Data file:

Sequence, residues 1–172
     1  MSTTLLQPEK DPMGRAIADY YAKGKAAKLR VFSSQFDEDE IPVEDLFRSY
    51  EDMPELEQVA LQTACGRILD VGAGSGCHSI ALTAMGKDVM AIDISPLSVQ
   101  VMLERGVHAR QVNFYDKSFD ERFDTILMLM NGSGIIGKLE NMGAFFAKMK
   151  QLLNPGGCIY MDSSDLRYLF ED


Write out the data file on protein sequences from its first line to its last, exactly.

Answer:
Sequence, residues 1–172
     1  MSTTLLQPEK DPMGRAIADY YAKGKAAKLR VFSSQFDEDE IPVEDLFRSY
    51  EDMPELEQVA LQTACGRILD VGAGSGCHSI ALTAMGKDVM AIDISPLSVQ
   101  VMLERGVHAR QVNFYDKSFD ERFDTILMLM NGSGIIGKLE NMGAFFAKMK
   151  QLLNPGGCIY MDSSDLRYLF ED